Pernil Tacos Recipe
adapted from Daisy Martinez

Prep Time: 20 minutes (+ 3 days) Cook time: 2 1/2 hours

4 1/2 pound skin-on pork shoulder roast (you can also use pork butt, it’s equally tender and delicious)
12 cloves garlic, peeled
1 ½ tablespoons fine sea or kosher salt
1 tablespoon black peppercorns
2 tablespoons dried oregano
2 tablespoons olive oil
2 tablespoons white wine vinegar

For Serving:
1 ripe avocado, diced
1 package gluten-free tortillas
Puerto Rican Coleslaw (see recipe below)

Start by making the wet adobo 3 days in advance.

1. To make adobo, pound the garlic cloves and salt to a paste using a mortar and pestle. Add the peppercorns and oregano, pounding well after each to incorporate them into the paste. Stir in the olive oil and vinegar.
2. Up to 3 days before you serve the roast, set the roast in a bowl skin side up. With a paring or boning knife, make several slits about 1½ inches wide through the skin of the roast and into the meat. Make the slits as deep as you can. Wiggle a finger in the slits to open them up a bit, then fill each with wet adobo, using a teaspoon. (Or your child’s hands, as seen above.)
3. Turn the roast over and do the same to all sides. If you have adobo left over, rub it all over the outside of the roast. Refrigerate, covered, at least 1 day or up to 3 days.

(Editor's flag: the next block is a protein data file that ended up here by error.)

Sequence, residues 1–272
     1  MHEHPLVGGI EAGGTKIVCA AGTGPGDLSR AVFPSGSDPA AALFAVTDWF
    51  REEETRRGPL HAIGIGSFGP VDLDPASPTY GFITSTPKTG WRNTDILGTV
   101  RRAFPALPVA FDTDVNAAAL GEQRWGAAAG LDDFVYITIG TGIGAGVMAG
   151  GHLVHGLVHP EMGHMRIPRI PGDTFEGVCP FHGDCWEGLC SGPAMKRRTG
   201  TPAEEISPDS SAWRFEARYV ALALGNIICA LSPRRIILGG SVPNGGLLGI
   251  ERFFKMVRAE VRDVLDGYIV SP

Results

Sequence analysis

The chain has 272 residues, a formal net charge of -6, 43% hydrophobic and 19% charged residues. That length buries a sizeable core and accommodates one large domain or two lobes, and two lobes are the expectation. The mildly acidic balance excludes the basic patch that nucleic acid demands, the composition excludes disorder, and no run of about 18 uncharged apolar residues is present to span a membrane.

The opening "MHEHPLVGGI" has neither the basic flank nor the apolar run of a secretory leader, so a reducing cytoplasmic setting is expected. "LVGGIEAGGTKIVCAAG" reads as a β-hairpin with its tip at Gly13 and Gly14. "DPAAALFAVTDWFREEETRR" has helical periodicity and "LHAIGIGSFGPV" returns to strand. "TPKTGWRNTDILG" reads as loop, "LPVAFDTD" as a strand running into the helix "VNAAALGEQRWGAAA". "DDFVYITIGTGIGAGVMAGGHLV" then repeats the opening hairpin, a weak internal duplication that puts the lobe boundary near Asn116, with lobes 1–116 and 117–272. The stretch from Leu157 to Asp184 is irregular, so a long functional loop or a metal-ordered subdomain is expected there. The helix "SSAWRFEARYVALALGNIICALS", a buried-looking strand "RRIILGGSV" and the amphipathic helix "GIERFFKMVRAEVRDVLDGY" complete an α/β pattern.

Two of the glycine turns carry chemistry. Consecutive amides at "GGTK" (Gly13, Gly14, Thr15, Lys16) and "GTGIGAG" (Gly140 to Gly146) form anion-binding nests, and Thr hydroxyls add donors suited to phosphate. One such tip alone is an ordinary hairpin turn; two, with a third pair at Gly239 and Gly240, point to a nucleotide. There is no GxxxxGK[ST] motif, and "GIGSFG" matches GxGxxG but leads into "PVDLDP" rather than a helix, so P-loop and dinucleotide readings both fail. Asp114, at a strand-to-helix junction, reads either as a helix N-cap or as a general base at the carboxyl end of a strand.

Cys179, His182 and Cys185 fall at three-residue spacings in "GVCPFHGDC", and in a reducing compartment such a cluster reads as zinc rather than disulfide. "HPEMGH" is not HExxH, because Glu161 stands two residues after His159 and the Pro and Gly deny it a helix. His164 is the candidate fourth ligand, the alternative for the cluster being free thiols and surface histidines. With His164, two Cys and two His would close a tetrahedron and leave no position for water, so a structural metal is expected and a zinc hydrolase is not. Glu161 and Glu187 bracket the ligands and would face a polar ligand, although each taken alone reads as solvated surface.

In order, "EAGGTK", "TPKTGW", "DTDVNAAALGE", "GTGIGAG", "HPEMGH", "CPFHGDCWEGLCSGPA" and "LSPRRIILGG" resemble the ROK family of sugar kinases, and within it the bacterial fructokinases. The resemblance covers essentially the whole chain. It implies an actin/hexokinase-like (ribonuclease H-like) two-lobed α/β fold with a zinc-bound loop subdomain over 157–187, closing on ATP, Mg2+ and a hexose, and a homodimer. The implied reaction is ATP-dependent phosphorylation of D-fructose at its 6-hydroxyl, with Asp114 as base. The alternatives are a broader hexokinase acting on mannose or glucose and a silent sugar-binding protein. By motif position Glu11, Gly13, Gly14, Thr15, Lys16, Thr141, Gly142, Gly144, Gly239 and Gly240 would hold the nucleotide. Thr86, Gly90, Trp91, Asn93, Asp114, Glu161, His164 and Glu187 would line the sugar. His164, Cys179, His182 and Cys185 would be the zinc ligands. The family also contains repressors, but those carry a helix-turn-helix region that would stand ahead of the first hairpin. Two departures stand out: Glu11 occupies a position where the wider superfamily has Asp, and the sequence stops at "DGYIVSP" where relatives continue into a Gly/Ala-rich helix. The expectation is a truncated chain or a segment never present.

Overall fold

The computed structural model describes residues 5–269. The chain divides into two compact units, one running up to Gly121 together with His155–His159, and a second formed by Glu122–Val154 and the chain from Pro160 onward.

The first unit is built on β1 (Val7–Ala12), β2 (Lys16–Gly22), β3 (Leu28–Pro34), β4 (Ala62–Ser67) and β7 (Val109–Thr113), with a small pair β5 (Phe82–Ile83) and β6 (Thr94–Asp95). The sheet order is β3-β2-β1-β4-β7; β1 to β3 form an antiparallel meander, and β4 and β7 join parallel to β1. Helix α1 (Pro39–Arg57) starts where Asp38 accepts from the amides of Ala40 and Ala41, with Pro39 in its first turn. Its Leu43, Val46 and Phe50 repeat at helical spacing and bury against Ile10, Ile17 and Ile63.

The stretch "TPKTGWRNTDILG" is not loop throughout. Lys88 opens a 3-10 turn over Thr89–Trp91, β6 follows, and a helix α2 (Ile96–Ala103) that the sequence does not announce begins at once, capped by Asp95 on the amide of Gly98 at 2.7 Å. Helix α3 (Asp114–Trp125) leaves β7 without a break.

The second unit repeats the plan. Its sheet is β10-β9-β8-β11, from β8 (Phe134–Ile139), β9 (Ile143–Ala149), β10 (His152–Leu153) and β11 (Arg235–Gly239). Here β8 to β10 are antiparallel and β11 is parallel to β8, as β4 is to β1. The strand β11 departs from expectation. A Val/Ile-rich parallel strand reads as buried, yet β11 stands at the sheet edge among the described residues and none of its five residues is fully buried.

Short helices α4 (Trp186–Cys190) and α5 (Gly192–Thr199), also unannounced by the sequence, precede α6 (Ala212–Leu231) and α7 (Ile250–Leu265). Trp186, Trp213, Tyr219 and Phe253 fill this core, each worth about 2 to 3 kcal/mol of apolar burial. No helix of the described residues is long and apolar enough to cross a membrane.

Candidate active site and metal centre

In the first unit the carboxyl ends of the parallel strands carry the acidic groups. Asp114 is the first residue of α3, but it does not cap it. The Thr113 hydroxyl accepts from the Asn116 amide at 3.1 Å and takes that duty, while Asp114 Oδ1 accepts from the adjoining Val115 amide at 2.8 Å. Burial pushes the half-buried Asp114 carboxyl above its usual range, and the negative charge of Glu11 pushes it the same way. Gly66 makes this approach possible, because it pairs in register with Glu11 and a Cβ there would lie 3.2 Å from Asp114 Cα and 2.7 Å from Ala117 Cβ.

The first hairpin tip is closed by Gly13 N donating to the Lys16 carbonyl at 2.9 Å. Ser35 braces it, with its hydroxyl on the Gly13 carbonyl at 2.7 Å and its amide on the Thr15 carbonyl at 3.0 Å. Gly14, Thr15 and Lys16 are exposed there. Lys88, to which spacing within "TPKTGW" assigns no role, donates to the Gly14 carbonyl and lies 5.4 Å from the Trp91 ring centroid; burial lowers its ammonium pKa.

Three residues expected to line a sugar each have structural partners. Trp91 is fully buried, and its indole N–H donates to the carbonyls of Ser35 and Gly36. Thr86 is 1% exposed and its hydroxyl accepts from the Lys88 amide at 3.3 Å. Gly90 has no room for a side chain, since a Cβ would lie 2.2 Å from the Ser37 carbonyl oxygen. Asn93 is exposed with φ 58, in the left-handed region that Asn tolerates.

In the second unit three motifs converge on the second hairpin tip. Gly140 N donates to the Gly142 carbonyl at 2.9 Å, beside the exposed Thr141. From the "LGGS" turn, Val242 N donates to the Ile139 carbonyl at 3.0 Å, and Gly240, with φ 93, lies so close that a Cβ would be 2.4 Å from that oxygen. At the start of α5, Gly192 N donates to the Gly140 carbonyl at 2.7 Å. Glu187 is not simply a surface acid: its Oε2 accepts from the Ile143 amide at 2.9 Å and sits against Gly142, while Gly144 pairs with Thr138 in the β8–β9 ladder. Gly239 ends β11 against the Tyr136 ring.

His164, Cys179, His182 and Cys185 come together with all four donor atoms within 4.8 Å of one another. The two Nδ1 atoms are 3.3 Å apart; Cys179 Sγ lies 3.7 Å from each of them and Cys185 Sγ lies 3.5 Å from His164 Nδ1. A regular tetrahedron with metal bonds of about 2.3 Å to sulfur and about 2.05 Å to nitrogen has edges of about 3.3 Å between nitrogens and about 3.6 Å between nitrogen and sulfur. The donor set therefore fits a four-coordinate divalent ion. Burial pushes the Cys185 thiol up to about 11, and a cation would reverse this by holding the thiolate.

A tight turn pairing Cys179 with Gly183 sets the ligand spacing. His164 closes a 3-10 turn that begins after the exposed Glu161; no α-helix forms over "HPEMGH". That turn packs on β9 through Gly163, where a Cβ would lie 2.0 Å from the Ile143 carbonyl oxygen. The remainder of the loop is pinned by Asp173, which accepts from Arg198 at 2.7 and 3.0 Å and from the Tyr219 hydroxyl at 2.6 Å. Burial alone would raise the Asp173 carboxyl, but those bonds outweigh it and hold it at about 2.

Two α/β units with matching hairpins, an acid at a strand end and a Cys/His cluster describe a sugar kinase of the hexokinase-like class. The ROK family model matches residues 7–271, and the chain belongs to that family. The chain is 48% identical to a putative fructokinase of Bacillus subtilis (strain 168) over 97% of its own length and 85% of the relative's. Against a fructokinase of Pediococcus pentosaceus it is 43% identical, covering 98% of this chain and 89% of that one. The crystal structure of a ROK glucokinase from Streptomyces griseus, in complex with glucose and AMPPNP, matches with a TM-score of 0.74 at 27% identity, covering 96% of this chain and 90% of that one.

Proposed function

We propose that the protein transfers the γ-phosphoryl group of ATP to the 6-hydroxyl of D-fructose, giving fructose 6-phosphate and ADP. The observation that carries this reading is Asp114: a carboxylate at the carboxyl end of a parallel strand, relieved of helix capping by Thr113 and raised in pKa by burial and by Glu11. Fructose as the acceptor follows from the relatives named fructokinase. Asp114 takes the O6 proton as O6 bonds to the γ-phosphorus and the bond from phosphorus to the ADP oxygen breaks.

4. After your roast has marinated for 3 days, preheat the oven to 450° F and set the roast skin side up on a rack in a roasting pan.
5. Roast 1 hour, turn the heat down to 400° F and roast until the skin is deep golden brown and crackly and there is no trace of pink near the bone, about 1 ½ hours.
6. Remove from oven and let the roast rest at least 15 minutes before carving.
7. Cut the pork into pieces, then pile them up to serve. (While Daisy recommends you remove the crackly skin when serving, I’ve found that it adds that special something to leave it on when you’re serving tacos.)
8. Rap the tortillas in a damp paper towel and warm for 30 seconds in the microwave.
9. Assemble your tacos, meat first, handful of slaw and avacodo.

Print Post

Puerto Rican Coleslaw Salad Recipe
adapted from My

Prep Time: 20 minutes Cook Time: O minutes

7 cups very thinly sliced green and red cabbage
1/2 cup grated carrot
2 tablespoons finely chopped onion
1/4 cup fresh lime juice
1 tablespoon apple cider vinegar
1 1/2 teaspoons extra virgin olive oil
1/4 teaspoon salt
1/4 teaspoon freshly ground black pepper

1. Combine first 4 ingredients in a large bowl.
2. Combine juice and remaining ingredients, stirring well with a whisk. Drizzle juice mixture over cabbage mixture; toss well to combine. Cover and chill 15 minutes.

Print Post


One Comment on “GF Tuesdays: Pernil Tacos & Puerto Rican Coleslaw”

  1. 1.) Paul Sussman
    January 28th, 2012

    Just a persnickety note: pork shoulder and pork butt are the same thing. It’s not called pork butt (or often Boston butt) because of where on the pig it comes from, but because it was cut to fit ino barrels, which were called “butts”. Meat from the back of the pig is ham or leg.

Leave a Reply